The Good Fight Continues: World War II Letters from the Abraham Lincoln Brigade

The Good Fight Continues: World War II Letters from the Abraham Lincoln Brigade

The Good Fight Continues: World War II Letters from the Abraham Lincoln Brigade

The Good Fight Continues: World War II Letters from the Abraham Lincoln Brigade

Synopsis

Written with passion and intelligence, the letters of the Abraham Lincoln Brigade in World War II express the raw idealism of anti-fascist soldiers who experienced the war in boot camps, cockpits, and foxholes, but never lost sight of the great global issues at stake. When the United States entered World War II on December 7, 1941, only one group of American soldiers had already confronted the fascist enemy on the battlefield: the U.S. veterans of the Lincoln Brigade, a volunteer army of about 2,800 men and women who had enlisted to defend the Spanish Republic from military rebels during the Spanish Civil War (1936-1939). They fought on the losing side. After Pearl Harbor, Lincoln Brigade veterans enthusiastically joined the U.S. Army, welcoming this second chance to fight against fascism. However, the Lincoln recruits soon encountered suspicious military leaders who questioned their patriotism and denied them promotions and overseas assignments, foreshadowing the political persecution of the postwar Red Scare. African American veterans who fought in fully integrated units in Spain, faced second-class treatment in America's Jim Crow army. Nevertheless, the Lincolns served with distinction in every theater of the war and won a disproportionate number of medals for courage, dedication, and sacrifice. The 154 letters in this volume, selected from thousands held in the Abraham Lincoln Brigade Archives at NYU's Tamiment Library, provide a new and unique perspective on aspects of World War II.

Excerpt

Europe had been at war for twenty-seven months before the Japanese attacked Pearl Harbor on December 7, 1941, drawing the United States into World War II. But except for what the public could glimpse through newspapers, newsreels, and radio, few Americans had faced the horror of modern warfare: the use of airplanes to terrify and destroy civilian populations or the coordinated air and ground attacks that the Germans called blitzkrieg (lightning warfare). There was, however, one group of Americans who had already confronted the fascist enemy on the battlefield and had first-hand experience of the political stakes. These were the U.S. veterans of the Abraham Lincoln Brigade, a volunteer army of about twenty-eight hundred men and women who sailed to Europe to fight against fascism in the Spanish Civil War (1936–1939).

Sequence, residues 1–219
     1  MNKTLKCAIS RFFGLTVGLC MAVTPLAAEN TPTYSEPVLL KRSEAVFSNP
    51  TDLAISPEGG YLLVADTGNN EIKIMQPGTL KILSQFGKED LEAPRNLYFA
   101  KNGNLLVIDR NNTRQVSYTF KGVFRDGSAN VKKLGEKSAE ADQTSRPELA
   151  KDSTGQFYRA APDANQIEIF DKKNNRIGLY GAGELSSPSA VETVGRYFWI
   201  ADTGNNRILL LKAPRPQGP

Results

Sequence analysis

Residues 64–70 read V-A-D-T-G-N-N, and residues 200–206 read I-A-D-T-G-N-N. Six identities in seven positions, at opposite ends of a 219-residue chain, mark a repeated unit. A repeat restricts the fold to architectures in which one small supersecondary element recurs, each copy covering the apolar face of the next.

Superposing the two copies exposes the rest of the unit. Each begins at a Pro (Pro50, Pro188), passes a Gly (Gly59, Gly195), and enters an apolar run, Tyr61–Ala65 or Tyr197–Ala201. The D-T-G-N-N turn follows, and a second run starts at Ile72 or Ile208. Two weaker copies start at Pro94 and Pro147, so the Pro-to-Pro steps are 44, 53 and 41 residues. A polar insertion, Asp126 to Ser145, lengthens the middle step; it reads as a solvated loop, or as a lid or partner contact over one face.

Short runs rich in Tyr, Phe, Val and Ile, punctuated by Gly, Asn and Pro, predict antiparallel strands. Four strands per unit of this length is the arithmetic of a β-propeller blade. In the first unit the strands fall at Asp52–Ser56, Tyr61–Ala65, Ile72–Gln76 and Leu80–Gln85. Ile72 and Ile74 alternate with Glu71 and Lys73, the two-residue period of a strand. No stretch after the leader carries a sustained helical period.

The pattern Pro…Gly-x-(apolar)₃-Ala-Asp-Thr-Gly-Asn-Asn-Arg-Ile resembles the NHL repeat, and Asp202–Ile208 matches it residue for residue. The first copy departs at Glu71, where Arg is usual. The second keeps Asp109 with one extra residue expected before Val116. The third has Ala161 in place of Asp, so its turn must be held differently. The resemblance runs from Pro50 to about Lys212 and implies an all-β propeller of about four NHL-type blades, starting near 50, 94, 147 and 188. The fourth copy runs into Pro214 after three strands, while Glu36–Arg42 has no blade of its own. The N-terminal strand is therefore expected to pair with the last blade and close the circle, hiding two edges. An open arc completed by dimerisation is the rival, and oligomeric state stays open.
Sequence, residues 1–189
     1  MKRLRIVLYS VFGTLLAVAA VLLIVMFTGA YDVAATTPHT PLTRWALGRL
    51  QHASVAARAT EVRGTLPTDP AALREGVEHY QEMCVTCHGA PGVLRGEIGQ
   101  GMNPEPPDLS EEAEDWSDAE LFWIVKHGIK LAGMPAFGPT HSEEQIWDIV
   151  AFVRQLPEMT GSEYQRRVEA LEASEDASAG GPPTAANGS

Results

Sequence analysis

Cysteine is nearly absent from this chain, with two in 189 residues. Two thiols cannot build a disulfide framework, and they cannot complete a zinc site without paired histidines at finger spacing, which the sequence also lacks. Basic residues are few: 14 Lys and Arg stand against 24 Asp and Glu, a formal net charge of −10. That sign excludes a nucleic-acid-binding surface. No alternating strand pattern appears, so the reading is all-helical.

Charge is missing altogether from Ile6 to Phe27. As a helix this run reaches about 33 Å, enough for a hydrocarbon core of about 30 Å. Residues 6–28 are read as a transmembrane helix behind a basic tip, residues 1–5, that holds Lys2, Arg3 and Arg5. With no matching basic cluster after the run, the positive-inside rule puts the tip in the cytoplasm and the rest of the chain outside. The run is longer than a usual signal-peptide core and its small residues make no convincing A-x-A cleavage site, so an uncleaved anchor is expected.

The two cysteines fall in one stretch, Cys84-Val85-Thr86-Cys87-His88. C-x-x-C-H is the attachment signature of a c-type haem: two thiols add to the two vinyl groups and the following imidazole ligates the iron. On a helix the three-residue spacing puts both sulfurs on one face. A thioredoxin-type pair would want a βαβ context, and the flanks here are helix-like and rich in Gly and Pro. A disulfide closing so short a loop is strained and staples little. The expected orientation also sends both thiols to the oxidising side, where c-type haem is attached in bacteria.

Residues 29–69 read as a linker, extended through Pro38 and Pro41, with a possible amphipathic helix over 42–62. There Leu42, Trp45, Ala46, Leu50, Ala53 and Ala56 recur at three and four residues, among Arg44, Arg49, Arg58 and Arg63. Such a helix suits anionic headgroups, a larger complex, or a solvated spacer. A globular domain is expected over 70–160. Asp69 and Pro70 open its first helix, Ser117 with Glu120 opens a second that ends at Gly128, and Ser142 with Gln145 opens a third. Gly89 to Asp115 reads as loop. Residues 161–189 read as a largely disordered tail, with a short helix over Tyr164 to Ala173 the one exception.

The men and women who formed the Lincoln Brigade in Spain had gone to war in violation of U.S. neutrality laws that were intended to isolate Americans from foreign conflicts. American political leaders, including President Franklin D. Roosevelt, hoped to avoid the entanglements that had drawn the United States into World War I by prohibiting military aid to warring countries and forbidding civilians from exposing themselves to hostilities that might inflame public opinion. After General Francisco Franco staged a military rebellion against the elected Spanish republic in July 1936, the State Department barred civilians from traveling to that embattled country. Although the major European powers accepted similar principles of nonintervention in the Spanish conflict, it soon became apparent that Hitler's Germany and Mussolini's Italy were providing vital military assistance to the fascist rebels. The Soviet Union and the Communist International then moved to assist the legal government and called for volunteers to aid the republic. In the end, some thirty-five thousand volunteers from fifty countries joined the International Brigades to fight for Spanish democracy.

In responding to these pleas, the Lincolns perceived Spain as a place where they had an opportunity to stop further fascist aggression. Viewing . . .

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